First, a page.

Diagnosis of thyroid disease is primarily a laboratory diagnosis. When the TSH is elevated and thyroid hormone levels low, or when TSH is suppressed and the thyroid hormone levels are high, it is trivial to diagnose hypo- and hyperthyroidism, respectively. In such cases, the treatment is relatively straightforward as well. However when the tests are not straightforward, one is unable to initiate treatment until the diagnosis is certain. Two major conundrums faced by physicians caring for thyroid patients are when 1) the levels of TSH and thyroid hormone are not complementary or 2) when the thyroid hormone levels don’t match the clinical symptoms. This presentation will unravel the seeming contradictions between clinical presentation and laboratory analysis of such thyroid tests.
Highlights from the recent AACE/ATA hypothyroidism guidelines are reviewed in this activity.
In this activity, Dr. Richard Pratley, a world-renowned diabetologist, will provide evidence-based practical approaches to attaining glycemic control in patients with type 2 diabetes. He will outline strategies for setting glycemic targets, monitoring treatment, and intensifying treatment when glycemic targets are not met. The efficacy and safety of newer antidiabetic agents will be highlighted.
Depending on whether you count all insulins as one or count them as multiple classes, there are now between 13 and 19 classes of antihyperglycemic agents that have been approved by the US FDA for the treatment of people with type 2 diabetes mellitus (T2DM). Insulin remains the most effective antihyperglycemic agent, and many, if not most, patients with T2DM will eventually require treatment with one or more of the increasing insulin therapy options. In this case compendium, Lawrence Blonde, MD, discusses patients at different stages of T2DM to illustrate how clinicians can better utilize insulin therapy options to attain glycemic control and improve the overall health outcomes of patients with T2DM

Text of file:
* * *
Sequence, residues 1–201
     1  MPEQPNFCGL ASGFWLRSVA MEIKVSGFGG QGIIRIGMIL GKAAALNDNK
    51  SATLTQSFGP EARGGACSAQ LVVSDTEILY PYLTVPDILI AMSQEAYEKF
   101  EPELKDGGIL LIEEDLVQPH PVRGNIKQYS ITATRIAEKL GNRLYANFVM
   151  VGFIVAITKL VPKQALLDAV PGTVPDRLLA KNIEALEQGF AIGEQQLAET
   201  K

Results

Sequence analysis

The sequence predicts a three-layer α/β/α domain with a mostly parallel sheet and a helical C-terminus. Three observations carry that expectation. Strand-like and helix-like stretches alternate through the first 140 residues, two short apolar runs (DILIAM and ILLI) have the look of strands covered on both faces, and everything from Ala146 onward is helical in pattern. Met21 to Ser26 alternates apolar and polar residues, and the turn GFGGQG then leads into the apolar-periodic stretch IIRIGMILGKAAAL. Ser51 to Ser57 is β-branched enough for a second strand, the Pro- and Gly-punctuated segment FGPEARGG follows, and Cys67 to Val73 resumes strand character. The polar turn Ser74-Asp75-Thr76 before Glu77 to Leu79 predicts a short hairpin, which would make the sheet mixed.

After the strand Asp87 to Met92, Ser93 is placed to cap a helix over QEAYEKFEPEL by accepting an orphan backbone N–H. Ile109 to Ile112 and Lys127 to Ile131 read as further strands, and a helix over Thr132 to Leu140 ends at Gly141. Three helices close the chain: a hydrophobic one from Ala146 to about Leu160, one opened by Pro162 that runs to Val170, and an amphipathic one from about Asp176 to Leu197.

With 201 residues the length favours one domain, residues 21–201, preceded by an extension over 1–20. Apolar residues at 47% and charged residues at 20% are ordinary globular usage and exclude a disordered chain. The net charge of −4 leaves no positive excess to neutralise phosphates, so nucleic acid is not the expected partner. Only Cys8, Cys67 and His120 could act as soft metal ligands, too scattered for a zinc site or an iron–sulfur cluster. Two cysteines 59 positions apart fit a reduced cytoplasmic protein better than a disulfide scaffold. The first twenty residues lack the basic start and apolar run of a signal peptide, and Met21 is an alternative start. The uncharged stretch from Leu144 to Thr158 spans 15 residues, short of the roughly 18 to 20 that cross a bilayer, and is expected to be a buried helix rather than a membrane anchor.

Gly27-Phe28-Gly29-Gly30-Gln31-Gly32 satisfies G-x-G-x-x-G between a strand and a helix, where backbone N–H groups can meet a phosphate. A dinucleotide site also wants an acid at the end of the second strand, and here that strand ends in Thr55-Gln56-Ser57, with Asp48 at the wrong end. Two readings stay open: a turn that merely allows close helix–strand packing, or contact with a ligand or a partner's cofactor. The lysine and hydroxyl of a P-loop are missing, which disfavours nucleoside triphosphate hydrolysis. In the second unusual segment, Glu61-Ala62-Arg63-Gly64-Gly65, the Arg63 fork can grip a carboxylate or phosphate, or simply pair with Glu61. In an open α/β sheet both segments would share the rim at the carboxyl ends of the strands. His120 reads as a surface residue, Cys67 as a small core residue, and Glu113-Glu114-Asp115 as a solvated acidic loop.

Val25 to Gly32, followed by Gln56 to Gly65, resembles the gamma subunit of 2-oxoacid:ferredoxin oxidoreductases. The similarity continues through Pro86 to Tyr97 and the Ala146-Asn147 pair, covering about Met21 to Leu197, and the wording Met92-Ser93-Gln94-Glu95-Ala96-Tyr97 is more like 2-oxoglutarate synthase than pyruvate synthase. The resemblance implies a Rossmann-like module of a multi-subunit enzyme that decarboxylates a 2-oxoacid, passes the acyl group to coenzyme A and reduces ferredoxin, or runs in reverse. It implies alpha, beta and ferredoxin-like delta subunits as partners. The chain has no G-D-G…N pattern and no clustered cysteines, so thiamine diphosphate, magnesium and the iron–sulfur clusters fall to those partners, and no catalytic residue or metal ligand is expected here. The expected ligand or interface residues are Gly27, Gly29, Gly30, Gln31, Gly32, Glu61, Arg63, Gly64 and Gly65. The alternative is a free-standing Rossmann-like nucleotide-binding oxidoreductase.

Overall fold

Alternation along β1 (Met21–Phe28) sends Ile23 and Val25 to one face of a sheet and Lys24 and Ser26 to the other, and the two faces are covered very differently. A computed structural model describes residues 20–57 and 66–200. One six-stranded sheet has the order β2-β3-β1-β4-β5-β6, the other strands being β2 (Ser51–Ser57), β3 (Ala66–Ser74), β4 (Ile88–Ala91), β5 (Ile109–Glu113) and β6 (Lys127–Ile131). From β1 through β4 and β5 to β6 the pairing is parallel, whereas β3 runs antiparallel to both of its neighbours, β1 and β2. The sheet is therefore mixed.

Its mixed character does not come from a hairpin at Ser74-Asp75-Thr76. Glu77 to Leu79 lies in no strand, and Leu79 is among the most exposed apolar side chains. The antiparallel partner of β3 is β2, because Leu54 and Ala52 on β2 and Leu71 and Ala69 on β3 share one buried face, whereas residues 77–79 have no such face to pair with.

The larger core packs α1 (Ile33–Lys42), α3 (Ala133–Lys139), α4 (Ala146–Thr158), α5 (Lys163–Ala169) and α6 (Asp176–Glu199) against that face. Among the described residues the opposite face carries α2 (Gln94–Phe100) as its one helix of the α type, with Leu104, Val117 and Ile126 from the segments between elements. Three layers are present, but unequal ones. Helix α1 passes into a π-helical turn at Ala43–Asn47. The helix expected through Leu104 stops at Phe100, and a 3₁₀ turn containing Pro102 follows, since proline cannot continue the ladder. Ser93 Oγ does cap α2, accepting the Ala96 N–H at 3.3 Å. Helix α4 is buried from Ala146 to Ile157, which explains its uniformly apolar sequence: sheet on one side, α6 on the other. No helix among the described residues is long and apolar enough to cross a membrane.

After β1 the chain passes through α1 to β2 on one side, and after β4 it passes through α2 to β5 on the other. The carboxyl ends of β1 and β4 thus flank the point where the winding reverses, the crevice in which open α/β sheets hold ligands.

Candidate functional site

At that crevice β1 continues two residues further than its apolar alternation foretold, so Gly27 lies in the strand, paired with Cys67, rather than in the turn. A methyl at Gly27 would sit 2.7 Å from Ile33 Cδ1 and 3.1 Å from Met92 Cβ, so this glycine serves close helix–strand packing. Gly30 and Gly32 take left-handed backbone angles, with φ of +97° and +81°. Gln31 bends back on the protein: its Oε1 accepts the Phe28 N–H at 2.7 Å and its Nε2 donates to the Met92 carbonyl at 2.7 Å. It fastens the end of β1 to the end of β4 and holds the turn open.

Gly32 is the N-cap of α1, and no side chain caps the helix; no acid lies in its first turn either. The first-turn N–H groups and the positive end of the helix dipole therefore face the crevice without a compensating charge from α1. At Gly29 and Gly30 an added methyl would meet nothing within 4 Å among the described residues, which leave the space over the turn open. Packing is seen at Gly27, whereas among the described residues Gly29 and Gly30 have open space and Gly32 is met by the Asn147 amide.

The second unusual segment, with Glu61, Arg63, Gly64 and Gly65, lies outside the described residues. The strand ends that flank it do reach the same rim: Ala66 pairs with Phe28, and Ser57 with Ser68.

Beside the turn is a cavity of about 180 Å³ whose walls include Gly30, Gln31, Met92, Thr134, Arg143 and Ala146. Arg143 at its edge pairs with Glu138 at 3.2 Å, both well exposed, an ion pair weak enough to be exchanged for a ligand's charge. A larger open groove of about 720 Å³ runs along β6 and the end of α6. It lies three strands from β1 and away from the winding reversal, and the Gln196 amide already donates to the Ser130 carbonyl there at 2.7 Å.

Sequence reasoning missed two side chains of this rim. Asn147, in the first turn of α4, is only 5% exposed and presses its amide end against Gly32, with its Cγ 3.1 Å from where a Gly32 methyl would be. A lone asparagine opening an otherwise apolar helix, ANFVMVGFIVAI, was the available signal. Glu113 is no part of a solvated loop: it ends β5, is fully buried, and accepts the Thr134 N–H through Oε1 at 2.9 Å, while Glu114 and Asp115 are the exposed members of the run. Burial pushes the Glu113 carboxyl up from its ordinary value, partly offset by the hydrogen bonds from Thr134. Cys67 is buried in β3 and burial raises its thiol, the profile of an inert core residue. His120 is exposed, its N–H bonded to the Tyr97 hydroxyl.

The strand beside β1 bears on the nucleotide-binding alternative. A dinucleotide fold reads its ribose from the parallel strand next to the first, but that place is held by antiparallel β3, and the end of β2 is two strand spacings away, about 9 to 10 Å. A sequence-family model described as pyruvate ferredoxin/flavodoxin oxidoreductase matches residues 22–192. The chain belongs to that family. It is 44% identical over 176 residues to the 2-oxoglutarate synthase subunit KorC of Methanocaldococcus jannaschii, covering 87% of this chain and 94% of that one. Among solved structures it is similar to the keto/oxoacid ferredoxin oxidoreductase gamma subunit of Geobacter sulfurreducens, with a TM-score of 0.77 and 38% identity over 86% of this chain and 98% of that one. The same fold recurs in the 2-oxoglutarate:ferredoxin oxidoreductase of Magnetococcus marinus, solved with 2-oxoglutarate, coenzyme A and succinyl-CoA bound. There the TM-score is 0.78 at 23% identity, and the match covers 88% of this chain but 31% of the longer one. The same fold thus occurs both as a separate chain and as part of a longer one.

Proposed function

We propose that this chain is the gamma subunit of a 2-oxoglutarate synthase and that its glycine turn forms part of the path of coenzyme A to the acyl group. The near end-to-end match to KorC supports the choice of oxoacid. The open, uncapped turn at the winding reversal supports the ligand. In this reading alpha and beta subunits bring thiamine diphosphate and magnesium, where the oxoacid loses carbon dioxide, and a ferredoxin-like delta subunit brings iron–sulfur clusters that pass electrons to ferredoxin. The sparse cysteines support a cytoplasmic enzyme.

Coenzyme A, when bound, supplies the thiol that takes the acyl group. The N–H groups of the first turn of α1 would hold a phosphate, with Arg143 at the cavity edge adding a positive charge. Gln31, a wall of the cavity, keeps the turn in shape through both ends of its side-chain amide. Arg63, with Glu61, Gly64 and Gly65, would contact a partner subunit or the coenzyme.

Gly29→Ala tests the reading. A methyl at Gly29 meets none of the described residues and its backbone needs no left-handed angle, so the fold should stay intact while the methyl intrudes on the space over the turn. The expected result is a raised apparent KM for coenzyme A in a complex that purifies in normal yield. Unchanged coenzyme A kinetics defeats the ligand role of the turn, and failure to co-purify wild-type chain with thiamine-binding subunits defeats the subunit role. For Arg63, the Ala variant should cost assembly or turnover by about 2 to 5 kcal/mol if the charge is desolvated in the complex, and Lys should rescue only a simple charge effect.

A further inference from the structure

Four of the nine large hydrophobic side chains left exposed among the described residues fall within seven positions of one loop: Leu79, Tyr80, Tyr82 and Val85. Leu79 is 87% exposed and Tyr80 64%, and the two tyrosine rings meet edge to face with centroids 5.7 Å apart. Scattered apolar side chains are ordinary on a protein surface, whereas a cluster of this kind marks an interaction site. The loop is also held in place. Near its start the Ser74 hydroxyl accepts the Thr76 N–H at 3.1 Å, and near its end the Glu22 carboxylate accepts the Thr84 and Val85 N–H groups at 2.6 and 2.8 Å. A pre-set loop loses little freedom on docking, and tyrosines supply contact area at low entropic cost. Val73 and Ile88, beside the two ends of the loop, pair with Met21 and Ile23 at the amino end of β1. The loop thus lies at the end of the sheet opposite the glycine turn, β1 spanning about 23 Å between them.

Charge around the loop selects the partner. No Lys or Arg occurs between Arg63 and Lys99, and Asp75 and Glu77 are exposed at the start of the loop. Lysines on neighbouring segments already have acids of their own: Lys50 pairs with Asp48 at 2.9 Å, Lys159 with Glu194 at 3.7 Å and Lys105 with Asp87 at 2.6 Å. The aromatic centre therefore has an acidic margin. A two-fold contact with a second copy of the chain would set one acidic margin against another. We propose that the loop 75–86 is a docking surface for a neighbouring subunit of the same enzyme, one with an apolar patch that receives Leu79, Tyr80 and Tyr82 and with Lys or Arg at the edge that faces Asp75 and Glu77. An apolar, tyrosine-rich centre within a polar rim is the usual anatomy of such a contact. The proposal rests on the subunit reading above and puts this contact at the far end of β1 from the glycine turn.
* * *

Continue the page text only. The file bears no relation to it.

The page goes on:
The primary goal of this integrated, multi-interventional curriculum of both live and online activities is to provide an educational initiative for primary care physicians, physician assistants (PAs) and nurse practitioners (NPs) on the advantages and disadvantages of prandial insulin, the clinical profiles of GPL-1 receptor agonists, and the benefits of combining GLP-1 receptor agonists with basal insulin.
In this activity, Dr. Hennessey uses a patient case to review best practices for primary care clinicians to assess and manage pituitary disease. Using one case as an example, he reviews the diagnostic parameters to be considered in correctly identifying the endocrine etiologic reasons behind hyperprolactinemia.
Dr. Brent discusses three cases illustrating application of clinical guidelines for thyroid disease management. He provides practical tips and advice on how to diagnose and manage hypothyroidism in pregnancy and recognize and treat amiodarone-associated hyperthyroidism. Dr. Brent also reviews thyroid function test patterns associated with nutritional supplements containing thyroid hormone.
In this activity, Dr. Katz will discuss common endocrine disrupting chemicals found in plastics today and their effect on health. He will also outline strategies to limit exposure and mention steps, both physicians and patients can take to increase awareness about the long-term health effects of EDCs.